US20030103681Aug 28, 2002Jun 5, 2003Guleryuz Onur G.Iterated de-noising for image recovery
US20030169931Jan 14, 2003Sep 11, 2003Nokia CorporationCoding dynamic filters
US20050200733 *Jan 29, 2005Sep 15, 2005Microsoft CorporationSystem and method for adaptive interpolation of images from patterned sensors
US20080109718Nov 6, 2006May 8, 2008International Business Machines CorporationCombining calendar entries with map views
US20090006994Jun 27, 2008Jan 1, 2009Scott ForstallIntegrated calendar and map applications in a mobile device
Non-Patent Citations
Reference
1Arsura E., et al., "Multiple Description Coding Approach For Internet Video Delivery", Visual Communications And Image Processing; Jan. 21, 2002-Jan. 23, 2002; San Jose, XP030080503.
2European Search Report, EP 05 25 2494, Oct. 2, 2009, 4 pages.
3Jiro Katto, et al., "Cell Loss Protection Using Hierarchical Coding In Video Packet Communication", Electronics & Communications In Japan, Part I-Communications, Wiley, Hoboken, NJ, US, vol. 73, No. 10, (Oct. 1, 1990), pp. 52-61, XP000224951.
4Yao Wang, et al., "Image Reconstruction From Partial Subband Images And Its Application In Packet Video Transmission", Signal Processing. Image Communication, Elsevier Science Publishers, Amsterdam, NL, vol. 3, No. 2/03, (Jun. 6, 1991), pp. 197-229, XP000234964.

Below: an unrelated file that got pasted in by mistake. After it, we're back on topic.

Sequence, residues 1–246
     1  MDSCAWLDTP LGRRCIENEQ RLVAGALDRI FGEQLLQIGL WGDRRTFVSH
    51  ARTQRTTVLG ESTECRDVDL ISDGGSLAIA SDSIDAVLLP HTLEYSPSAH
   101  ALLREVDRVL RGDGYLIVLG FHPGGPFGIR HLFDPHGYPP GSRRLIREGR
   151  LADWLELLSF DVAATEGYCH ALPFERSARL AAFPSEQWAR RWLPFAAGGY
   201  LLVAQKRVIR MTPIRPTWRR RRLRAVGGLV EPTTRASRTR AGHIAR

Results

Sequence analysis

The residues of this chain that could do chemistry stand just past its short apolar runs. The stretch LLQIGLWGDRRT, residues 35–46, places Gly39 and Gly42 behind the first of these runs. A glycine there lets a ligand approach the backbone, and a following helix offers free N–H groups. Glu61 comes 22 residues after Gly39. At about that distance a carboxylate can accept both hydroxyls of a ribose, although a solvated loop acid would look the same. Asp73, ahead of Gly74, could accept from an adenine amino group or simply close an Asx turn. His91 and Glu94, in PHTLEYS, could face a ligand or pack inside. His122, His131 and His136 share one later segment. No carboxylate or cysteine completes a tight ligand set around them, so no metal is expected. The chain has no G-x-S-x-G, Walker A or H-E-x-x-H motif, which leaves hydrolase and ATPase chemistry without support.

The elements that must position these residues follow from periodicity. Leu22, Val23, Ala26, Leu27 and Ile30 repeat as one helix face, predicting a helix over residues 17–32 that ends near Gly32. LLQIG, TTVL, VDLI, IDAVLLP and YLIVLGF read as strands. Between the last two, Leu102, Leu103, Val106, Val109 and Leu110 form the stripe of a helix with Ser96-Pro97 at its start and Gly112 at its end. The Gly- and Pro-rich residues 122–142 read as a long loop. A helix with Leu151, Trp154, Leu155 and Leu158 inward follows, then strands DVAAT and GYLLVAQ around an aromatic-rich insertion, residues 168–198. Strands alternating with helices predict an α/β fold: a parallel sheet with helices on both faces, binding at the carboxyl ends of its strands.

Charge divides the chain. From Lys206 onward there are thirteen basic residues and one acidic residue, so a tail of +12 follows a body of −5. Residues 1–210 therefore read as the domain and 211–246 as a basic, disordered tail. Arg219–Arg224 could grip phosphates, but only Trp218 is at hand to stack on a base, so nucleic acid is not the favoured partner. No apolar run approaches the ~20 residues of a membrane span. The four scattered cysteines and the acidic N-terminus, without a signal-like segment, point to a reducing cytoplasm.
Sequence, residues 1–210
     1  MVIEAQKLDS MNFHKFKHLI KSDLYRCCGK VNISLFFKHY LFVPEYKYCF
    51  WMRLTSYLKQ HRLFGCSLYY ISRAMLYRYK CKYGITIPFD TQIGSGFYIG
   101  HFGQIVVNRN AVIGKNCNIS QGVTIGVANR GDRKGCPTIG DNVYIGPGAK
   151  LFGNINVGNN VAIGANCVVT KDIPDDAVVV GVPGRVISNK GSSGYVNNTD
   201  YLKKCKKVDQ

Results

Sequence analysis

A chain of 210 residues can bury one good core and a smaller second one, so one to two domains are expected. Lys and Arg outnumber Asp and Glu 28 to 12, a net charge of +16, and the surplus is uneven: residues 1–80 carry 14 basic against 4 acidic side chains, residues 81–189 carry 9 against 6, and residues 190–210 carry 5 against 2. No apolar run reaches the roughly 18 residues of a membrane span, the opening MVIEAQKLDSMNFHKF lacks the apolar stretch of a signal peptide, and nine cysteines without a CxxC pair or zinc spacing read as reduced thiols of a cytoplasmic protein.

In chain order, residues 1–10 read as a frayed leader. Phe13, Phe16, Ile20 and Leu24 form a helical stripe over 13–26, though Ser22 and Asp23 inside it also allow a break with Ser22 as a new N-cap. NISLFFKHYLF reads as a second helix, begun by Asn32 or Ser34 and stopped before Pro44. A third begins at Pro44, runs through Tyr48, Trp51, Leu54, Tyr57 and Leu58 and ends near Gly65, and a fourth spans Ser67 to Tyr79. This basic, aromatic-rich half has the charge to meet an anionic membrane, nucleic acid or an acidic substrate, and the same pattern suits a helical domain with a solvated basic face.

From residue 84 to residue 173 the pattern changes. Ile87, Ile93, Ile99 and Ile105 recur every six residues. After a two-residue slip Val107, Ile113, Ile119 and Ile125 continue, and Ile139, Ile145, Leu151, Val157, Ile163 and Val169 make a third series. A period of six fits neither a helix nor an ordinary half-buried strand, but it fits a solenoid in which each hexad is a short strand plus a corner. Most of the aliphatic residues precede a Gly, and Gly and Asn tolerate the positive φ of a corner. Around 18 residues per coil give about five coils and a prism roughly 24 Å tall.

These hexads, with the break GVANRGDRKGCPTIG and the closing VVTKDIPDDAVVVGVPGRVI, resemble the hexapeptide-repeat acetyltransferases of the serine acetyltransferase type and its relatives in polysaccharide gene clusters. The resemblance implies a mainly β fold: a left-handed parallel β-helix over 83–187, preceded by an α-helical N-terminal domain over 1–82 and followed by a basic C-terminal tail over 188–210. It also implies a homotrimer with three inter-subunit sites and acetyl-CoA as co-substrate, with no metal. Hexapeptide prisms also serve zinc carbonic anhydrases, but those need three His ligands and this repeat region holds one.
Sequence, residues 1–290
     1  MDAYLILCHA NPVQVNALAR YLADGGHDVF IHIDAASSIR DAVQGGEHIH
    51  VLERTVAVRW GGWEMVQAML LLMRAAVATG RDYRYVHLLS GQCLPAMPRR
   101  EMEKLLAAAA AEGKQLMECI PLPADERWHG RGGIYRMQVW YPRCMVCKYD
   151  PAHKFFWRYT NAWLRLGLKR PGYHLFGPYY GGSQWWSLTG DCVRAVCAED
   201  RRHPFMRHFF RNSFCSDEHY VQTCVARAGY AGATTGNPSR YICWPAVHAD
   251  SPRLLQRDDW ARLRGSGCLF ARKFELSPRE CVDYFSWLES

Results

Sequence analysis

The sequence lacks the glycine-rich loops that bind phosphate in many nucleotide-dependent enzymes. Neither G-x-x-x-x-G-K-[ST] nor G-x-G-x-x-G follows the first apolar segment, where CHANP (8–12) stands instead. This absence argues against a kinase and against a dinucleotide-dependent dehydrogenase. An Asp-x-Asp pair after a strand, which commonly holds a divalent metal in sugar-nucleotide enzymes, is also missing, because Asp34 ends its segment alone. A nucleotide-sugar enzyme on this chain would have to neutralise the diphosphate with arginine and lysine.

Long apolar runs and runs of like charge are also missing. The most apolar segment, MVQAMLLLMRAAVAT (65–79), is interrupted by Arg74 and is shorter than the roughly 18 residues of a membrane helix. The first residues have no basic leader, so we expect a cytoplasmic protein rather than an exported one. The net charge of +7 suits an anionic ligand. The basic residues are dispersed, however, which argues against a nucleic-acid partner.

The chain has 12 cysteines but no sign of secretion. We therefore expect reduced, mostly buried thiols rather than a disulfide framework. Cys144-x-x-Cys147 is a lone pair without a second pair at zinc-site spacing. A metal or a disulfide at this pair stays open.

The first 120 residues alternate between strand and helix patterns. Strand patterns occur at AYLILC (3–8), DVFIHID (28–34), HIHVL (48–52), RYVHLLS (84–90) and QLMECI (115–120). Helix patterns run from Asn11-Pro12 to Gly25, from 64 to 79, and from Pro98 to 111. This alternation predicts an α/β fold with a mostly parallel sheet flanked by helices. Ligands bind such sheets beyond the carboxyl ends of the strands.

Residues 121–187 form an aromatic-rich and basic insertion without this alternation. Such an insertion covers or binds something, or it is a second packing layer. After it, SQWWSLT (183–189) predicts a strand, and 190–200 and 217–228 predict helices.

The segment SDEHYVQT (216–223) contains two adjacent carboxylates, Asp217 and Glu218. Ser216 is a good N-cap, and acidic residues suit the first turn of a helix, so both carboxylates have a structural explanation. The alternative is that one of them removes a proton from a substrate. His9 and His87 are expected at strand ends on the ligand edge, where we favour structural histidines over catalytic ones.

Classifications
U.S. Classification382/240, 341/50
International ClassificationH04N1/41, H03M7/30, H04N19/00, G06K9/36, H04N7/26
Cooperative ClassificationH04N19/0003, H04N19/00036, H04N19/00266, H04N19/00296, H04N19/00242, H04N19/00781, H04N19/00084, H04N19/00478, H04N19/00121, H04N19/00939, H04N19/00787, H04N19/00818, H04N19/00824, H04N19/00763, H04N19/0086, H04N19/0046
European ClassificationH04N7/26A8C, H04N7/26H30D2, H04N19/00R1, H04N19/00C6, H04N7/26H30D1, H04N7/26A8P, H04N7/26A4C3, H04N7/50, H04N7/26A6W2, H04N7/26A4C2, H04N7/26H30, H04N7/26E6, H04N7/68, H04N7/26H30C1D, H04N7/26H50A
Legal Events
DateCodeEventDescription
May 30, 2014REMIMaintenance fee reminder mailed
May 7, 2004ASAssignment
Owner name: SONY CORPORATION, JAPAN
Owner name: SONY ELECTRONICS INC., NEW JERSEY
Free format text: ASSIGNMENT OF ASSIGNORS INTEREST;ASSIGNORS:PANICONI, MARCO;CARRIG, JAMES J., JR.;MIAO, ZHOURONG;REEL/FRAME:015310/0972
Effective date: 20040507